2018 Travel Tips for Cuba and Mexico—What Happens Now?

Cuba and Mexico, hit by severe natural disasters this fall, would ordinarily welcome more than 2.5 million Canadians between them this coming year, most during the first four months of 2018.

But tourism services in both countries—Cuba battered by Hurricane Irma, and Mexico by two massive earthquakes—are on edge, wondering if the anticipated flow of foreign visitors will dry up given the images of mass destruction that were transmitted out of their countries in September.

Let’s take them one at a time.

 

Cuba

Despite the dramatic pictures of gigantic surf breaking over Havana’s Malecón (the iconic waterfront esplanade), and the flooding along the entire north shore of this tourism-dependent country, most hotels, restaurants, rum and cigar factories, and historic sites are expected to be fully operational and ready for the winter season beginning in December.

Though news of Irma forced a spate of hotel cancellations for early 2018, the cleanup and refurbishment of facilities along the entire north shore has been quick, and according to Caribbean tourism officials monitoring the pace of reconstruction, near normal activities and services can be anticipated for the duration of Cuba’s high winter season.

The major downside for Cuba is, in fact, not a weather event, but the creeping reinstatement of embargoes by the US, reversing what was expected to be a continuation of American tourism growth. However, it should be noted that many US-based cruise ships that started up tours to Cuba in 2016 have vowed to continue their trips. That’s good news for Cuban families, who do rely on tourism and need help recovering from Hurricane Irma’s wrath.

The Canadian government’s travel warnings for Cuba at this point continue to urge travellers to the tourist regions of Cayo Coco and Cayo Santa Maria to “avoid non-essential travel” due to some lingering effects of Irma, though facility reports expect those areas to be cleared by December and beyond.

Nonetheless, you need good, current information about the state of facilities at any resort you are considering this winter before making non-refundable deposits.

And most important, Cuba requires proof of supplemental health insurance sufficient to cover any medical emergency while on the island. If you don’t have proof on arrival, you may be required to purchase private insurance from Cuban vendors on site.  And you will not be allowed to leave the island unless your medical bills are paid, or vouched for by your travel insurer.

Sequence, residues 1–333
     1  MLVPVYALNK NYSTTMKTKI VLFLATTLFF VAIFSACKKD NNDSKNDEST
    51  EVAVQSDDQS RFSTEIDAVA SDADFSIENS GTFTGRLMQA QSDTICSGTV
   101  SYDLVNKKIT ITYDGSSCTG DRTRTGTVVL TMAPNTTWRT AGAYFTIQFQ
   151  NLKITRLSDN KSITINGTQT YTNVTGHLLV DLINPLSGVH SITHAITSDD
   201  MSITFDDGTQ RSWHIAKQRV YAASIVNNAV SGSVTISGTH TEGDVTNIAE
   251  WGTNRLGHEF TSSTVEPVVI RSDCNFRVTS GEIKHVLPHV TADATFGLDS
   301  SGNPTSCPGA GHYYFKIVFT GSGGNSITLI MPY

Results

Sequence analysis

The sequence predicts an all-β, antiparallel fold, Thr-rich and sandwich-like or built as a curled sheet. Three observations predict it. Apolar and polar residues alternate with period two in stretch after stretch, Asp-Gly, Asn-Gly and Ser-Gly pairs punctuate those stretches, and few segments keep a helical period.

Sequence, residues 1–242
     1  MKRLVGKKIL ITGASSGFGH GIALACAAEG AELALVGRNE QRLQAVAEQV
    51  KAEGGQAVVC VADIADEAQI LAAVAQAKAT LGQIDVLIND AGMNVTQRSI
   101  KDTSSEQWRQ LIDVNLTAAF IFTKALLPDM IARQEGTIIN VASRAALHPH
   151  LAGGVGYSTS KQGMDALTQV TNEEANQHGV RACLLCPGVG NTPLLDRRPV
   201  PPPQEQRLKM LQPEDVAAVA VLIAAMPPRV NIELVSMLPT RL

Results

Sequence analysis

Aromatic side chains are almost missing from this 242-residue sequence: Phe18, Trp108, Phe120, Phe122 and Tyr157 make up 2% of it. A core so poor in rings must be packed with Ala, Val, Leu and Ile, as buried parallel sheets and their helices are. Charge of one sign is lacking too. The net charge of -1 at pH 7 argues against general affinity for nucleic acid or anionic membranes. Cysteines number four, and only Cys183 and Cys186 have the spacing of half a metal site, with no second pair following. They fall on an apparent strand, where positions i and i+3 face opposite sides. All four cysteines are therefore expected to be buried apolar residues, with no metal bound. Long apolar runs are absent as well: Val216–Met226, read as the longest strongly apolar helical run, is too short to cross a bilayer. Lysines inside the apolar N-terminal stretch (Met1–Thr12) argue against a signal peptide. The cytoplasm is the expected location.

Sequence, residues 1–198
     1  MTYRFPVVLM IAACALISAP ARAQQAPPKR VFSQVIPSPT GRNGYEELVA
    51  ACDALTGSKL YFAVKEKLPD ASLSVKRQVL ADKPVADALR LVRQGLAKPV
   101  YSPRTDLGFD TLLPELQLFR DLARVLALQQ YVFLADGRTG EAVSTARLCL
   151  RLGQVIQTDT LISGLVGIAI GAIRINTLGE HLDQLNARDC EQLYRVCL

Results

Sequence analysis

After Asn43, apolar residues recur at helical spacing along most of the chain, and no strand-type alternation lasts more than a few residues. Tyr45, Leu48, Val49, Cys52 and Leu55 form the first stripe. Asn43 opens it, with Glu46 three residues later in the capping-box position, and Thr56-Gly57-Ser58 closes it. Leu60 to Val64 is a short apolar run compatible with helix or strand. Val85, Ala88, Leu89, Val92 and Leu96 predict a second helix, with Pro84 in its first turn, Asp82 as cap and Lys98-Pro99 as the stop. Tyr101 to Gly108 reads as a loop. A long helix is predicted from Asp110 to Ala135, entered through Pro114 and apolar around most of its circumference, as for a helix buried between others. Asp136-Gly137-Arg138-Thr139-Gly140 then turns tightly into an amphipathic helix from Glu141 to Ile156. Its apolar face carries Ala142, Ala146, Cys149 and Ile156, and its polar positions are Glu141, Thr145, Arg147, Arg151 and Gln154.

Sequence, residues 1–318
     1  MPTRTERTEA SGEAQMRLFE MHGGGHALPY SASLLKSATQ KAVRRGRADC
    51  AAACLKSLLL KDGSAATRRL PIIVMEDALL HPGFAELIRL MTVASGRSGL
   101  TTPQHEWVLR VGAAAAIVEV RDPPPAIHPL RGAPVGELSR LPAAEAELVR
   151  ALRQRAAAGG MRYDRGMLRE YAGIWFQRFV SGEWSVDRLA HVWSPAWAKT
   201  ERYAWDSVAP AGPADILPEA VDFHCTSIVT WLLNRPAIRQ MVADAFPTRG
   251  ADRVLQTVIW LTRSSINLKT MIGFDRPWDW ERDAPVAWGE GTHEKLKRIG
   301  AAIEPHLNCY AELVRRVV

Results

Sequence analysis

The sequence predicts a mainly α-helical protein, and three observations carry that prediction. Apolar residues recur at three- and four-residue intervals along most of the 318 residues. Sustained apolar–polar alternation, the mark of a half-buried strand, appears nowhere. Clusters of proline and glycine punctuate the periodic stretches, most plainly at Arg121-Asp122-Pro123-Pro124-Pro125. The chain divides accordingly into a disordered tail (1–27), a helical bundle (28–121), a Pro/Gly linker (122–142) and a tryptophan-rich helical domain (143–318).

Mexico

In Mexico, the story is more complicated, as two earthquakes of 8.1 and 7.1 severity (on September 7 and 19) demolished many buildings and historic sites just south of Mexico City and in southwestern Mexico (particularly the tourist areas of Oaxaca), killing over 300 people. Recovery here is going to take a long time and you need to pick your vacation locales with care.

In addition, Travel Canada urges travellers to avoid all non-essential travel to the northern states abutting the US border and the western state of Guerrero (particularly Acapulco), as drug cartel activity and kidnappings remain an imminent danger to innocent bystanders.

Fortunately, neither the drug-related violence nor the earthquake have affected Cancun or Cozumel on Mexico’s Caribbean coast—the area that attracts most Canadians during the high winter season.

But here too, travel insurance is a must, as quality medical care is expensive. If you find yourself in hospital in Mexico, you will be expected to either pay your bills on the spot or have sufficient proof and verification of private travel insurance—and your provincial health card just won’t do.

 

Planning a winter escape? Start browsing your travel insurance options.

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